On the other hand, an intake port 22 and an exhaust port 23, which are connected to the combustion chamber 18, are formed in the cylinder head 4. An intake valve 24 and an exhaust valve 25 are disposed in the cylinder head 4 for opening and closing both the intake and exhaust ports 22 and 23. A cam shaft 26 is disposed in the rear portion of the cylinder head 4 for opening and closing the intake and exhaust valves 24 and 25. A cam chain, not shown, is disposed in the cam chain case 7, and the cam shaft 26 and the crankshaft 8 are operatively connected to each other through the cam chain.

The rear portion of the cylinder head 4 is covered with a cylinder head cover 27, and a breather a chamber 28 is formed in the cylinder head cover 27. The cylinder head cover 27 is provided with a discharge pipe 29 for discharging blowby gas in the breather chamber 28, and a breather hose 30 is connected to this discharge pipe 29.

A flywheel magnet device 31 for generating electricity is provided on an upper end of the crankshaft 8 disposed above the upper portion of the engine 3. A ring gear 34 which is operatively connected to a starter motor 33 disposed in front of the engine 3 is formed around an outer periphery of the flywheel 32. An electric equipment box 36 accommodating an electric equipment 35, an intake apparatus 37, an exhaust apparatus 38, a fuel supply apparatus 39 and the like are disposed on the side of the engine 3.

The fuel supply apparatus 39 includes fuel system components such as a filter and a pump. More specifically, the fuel supply apparatus 39 comprises a connector, a fuel filter (both not shown), a fuel pump 40 disposed on the cylinder head cover 27 and driven by the camshaft 26, a vapor separator, a pressure regulator (both not shown), a delivery pipe 41, a fuel injector 42 and the like. These components are connected to one another through fuel hoses which are not shown.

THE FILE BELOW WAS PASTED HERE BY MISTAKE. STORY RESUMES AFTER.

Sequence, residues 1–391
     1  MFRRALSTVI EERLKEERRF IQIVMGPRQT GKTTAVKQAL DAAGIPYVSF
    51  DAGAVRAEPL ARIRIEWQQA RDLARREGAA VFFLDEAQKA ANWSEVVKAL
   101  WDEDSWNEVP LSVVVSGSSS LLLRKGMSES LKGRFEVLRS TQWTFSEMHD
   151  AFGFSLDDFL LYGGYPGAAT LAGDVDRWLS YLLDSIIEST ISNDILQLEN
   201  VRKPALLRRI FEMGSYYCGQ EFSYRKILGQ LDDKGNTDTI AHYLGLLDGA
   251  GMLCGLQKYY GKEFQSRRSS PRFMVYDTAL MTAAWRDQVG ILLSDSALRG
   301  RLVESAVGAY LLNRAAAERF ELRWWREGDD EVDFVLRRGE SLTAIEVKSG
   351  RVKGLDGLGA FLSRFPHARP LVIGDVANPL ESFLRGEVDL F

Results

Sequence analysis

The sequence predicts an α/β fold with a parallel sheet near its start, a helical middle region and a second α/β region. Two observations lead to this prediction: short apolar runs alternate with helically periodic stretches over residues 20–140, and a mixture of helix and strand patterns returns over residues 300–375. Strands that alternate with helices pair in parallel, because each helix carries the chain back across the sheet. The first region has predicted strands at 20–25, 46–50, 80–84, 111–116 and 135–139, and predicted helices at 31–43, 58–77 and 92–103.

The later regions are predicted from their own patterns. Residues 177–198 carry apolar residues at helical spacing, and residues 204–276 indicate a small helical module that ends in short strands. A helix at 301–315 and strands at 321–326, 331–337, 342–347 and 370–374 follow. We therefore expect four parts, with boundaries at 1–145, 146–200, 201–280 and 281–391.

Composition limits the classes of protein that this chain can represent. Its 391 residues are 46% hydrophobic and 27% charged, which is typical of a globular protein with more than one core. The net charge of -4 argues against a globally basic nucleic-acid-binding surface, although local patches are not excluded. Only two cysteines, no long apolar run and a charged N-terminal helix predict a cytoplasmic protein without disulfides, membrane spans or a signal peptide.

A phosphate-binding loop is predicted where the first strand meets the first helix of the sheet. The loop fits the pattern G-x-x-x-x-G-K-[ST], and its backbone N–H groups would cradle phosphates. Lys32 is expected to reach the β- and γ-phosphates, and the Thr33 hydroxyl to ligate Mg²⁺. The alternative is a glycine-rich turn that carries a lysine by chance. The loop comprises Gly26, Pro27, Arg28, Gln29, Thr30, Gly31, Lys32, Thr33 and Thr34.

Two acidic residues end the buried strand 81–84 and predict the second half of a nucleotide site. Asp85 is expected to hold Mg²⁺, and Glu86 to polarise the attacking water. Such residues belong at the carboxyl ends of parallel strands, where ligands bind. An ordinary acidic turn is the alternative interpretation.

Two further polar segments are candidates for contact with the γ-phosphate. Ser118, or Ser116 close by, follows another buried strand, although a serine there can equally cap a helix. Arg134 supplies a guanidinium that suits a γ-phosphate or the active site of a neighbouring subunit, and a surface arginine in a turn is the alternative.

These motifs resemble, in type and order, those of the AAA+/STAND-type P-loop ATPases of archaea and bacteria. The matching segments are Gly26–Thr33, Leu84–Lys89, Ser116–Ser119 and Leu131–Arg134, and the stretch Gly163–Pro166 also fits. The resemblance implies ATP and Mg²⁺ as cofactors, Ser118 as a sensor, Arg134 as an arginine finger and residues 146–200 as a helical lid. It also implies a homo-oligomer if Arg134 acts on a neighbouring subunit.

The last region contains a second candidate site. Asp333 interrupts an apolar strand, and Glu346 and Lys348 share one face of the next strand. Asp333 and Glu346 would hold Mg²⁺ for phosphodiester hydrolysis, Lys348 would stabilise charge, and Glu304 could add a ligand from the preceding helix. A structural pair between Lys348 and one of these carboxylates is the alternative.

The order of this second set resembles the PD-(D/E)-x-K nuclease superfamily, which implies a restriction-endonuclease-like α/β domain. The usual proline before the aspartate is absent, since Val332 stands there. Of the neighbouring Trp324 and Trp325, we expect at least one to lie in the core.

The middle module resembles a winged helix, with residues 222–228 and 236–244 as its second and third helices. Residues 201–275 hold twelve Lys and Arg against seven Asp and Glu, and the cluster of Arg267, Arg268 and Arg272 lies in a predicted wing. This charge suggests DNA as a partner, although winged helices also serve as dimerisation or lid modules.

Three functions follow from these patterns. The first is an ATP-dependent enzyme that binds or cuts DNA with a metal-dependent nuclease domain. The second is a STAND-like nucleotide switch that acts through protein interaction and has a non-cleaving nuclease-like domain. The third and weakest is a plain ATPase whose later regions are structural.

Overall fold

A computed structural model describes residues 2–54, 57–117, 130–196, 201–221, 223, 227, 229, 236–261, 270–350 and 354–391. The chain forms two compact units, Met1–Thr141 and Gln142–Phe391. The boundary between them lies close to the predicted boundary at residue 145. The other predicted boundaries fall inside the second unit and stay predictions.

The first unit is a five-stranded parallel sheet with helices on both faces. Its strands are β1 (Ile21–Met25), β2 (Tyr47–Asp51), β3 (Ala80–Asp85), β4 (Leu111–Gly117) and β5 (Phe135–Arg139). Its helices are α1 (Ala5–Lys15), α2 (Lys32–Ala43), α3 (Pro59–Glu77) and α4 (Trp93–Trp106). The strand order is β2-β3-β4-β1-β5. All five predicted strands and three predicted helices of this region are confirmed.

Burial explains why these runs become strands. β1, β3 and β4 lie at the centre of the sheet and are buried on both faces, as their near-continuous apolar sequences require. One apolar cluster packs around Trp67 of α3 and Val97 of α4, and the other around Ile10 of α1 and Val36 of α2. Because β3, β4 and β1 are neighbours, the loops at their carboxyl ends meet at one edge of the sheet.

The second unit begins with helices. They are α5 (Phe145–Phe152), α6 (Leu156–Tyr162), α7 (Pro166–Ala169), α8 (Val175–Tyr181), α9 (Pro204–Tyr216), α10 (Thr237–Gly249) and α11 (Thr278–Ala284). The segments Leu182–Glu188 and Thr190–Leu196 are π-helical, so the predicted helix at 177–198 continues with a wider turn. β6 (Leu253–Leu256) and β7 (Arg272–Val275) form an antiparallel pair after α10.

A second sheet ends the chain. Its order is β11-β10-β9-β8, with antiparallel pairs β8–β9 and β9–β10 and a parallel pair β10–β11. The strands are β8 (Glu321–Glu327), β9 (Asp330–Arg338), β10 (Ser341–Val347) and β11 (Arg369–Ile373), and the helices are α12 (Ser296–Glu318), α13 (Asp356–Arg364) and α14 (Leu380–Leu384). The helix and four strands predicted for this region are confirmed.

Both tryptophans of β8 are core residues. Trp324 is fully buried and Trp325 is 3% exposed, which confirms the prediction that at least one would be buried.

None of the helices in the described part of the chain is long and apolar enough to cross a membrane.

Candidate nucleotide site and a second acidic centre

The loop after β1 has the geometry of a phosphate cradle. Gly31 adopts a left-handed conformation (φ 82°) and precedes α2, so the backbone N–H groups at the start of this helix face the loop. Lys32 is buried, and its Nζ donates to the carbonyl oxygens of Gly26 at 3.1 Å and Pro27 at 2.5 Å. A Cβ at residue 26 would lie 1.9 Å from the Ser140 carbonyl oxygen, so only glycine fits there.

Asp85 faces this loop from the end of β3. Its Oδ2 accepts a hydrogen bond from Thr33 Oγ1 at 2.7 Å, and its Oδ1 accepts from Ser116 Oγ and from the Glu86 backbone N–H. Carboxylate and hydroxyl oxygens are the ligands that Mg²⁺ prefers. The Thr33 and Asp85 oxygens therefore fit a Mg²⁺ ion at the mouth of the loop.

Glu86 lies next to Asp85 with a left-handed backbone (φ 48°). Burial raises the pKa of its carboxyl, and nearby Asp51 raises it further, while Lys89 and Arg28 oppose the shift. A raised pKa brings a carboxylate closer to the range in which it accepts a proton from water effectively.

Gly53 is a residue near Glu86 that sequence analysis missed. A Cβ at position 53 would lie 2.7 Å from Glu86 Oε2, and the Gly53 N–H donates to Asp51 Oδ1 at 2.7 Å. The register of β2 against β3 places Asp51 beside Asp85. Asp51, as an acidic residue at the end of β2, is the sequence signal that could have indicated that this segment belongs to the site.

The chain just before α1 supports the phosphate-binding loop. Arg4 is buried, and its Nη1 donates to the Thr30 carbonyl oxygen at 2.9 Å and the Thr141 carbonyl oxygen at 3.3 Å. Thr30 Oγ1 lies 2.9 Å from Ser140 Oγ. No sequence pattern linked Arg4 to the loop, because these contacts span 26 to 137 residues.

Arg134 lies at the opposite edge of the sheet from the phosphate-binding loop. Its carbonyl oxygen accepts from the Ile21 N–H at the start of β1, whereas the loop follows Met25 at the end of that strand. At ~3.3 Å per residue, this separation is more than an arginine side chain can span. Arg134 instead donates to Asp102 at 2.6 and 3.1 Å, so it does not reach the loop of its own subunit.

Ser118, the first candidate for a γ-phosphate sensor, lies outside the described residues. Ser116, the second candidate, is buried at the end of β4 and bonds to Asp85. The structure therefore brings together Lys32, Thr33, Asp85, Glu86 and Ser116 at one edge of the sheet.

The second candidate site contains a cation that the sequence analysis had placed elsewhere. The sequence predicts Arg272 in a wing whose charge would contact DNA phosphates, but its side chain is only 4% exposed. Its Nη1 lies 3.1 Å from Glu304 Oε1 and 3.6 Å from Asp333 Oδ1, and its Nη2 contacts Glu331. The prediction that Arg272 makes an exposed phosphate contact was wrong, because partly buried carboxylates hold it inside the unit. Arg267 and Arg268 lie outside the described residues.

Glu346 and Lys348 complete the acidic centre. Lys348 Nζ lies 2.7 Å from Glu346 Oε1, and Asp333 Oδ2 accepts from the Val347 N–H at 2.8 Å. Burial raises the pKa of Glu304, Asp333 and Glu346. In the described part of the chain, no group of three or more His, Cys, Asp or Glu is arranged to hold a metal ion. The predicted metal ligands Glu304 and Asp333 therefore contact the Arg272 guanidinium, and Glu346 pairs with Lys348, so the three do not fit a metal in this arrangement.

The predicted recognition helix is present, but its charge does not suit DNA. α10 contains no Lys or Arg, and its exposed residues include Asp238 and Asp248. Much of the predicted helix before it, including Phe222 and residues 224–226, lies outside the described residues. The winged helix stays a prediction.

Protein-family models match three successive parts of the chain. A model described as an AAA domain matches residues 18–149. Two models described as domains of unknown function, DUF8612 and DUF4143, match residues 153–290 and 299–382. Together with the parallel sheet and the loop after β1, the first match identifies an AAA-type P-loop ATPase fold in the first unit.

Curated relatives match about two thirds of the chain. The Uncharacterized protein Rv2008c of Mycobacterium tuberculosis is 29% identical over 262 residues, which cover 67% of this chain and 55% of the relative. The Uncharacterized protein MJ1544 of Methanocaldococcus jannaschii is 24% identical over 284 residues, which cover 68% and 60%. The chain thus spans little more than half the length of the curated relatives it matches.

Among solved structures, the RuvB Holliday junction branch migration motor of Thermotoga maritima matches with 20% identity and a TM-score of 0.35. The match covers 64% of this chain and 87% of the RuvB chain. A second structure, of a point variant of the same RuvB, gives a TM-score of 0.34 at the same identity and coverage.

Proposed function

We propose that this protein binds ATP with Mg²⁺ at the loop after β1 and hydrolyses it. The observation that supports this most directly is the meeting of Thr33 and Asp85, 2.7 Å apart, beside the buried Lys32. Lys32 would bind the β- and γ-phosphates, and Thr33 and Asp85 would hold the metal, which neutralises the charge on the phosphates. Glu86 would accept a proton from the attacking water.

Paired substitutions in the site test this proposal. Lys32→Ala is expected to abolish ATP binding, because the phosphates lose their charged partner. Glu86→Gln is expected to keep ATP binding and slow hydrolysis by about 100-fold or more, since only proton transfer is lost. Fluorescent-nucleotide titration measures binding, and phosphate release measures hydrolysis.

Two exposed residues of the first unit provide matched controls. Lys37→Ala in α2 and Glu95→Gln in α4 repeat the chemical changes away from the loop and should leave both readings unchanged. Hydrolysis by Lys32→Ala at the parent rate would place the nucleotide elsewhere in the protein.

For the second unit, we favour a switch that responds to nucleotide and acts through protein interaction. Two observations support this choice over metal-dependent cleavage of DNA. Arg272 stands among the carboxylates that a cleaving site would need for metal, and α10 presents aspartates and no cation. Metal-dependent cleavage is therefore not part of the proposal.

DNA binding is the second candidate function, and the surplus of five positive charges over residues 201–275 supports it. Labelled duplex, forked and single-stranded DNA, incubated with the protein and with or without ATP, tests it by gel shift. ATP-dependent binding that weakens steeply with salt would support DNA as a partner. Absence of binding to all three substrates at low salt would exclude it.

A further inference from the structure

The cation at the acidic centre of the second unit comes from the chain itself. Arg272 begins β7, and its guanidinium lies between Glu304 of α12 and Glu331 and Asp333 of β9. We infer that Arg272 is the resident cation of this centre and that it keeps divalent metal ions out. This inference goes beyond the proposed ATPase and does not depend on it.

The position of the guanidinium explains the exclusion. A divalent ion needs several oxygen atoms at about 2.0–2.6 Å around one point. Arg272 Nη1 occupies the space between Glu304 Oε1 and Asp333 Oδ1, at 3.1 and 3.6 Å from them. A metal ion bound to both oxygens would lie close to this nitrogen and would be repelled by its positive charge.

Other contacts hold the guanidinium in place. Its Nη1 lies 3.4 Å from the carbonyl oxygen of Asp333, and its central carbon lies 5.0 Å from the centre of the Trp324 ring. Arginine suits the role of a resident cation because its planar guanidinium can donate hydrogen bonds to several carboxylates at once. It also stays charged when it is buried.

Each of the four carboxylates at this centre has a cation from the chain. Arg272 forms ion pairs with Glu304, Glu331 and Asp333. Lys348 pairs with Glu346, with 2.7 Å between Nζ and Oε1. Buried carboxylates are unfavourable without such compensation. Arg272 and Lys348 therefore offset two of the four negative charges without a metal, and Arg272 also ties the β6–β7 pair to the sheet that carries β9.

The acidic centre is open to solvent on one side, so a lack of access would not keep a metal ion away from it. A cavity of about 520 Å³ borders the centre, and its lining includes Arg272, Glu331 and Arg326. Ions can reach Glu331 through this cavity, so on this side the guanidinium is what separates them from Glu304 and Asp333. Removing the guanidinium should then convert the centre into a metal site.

The intake apparatus 37 mainly comprises a silencer 43, a throttle body 44, a surge tank 45 and an intake manifold 46 and is disposed on one side of the engine 3. The electric equipment box 36 is disposed in front of the engine 3 on the opposite side to the intake apparatus 37. The exhaust apparatus 38 is disposed in the rear portion of the electric equipment box 36.

The throttle body 44 is disposed in diagonally front of the crankcase 6 of the engine 3, for example, and the surge tank 45 is juxtaposed on the side of the engine 3 downstream, i.e. rear side, of the throttle body 44. The intake manifold 46 extends from the surge tank 45 to each cylinder and connected to the intake port 22.

The silencer 43 is for reducing intake noise, is connected to an upstream portion (i.e. a front portion) of the throttle body 44 as shown in FIGS. 3 and 4 and is fastened by a clamp 47. The silencer 43 once extends diagonally upward to form an inclining portion 48 and then extends substantially in a horizontal direction so as to round a front side of the engine 3 to reach a front side of the electric equipment box 36.

The breather hose 30 is connected to the inclining portion 48 of the silencer 43, and blowby gas from the breather chamber 28 is introduced into the inclining portion 48. An evaporation hose 49 for introducing vaporized fuel from the vapor separator (not shown) is also connected to the inclining portion 48 of the silencer 43. An intake air temperature sensor 50 is disposed upstream of the hose fixtures.

As shown in FIGS. 5, 6 and 7 (which are sectional views taken along the lines V—V, VI—VI, and VII—VII, respectively), various portions of the silencer 43 are formed differently in sections in accordance with a mounting position and an outline of the adjacent engine 3.

The silencer 43 shown in FIGS. 3 and 4 is of the first embodiment of the present invention, in which the silencer 43 is provided at its upstream end portion with an intake port 51 opened rearward (i.e. toward a front side of the electric equipment box 36). The intake port 51 is disposed at a position higher than the throttle body 44.

On the other hand, FIGS. 8 and 9 show a second embodiment of the present invention. FIG. 8 is an enlarged plan view of a front portion of the engine 3 and FIG. 9 is a front view of the outboard motor 1. Elements similar to those shown in the first embodiment are denoted by the same reference numerals.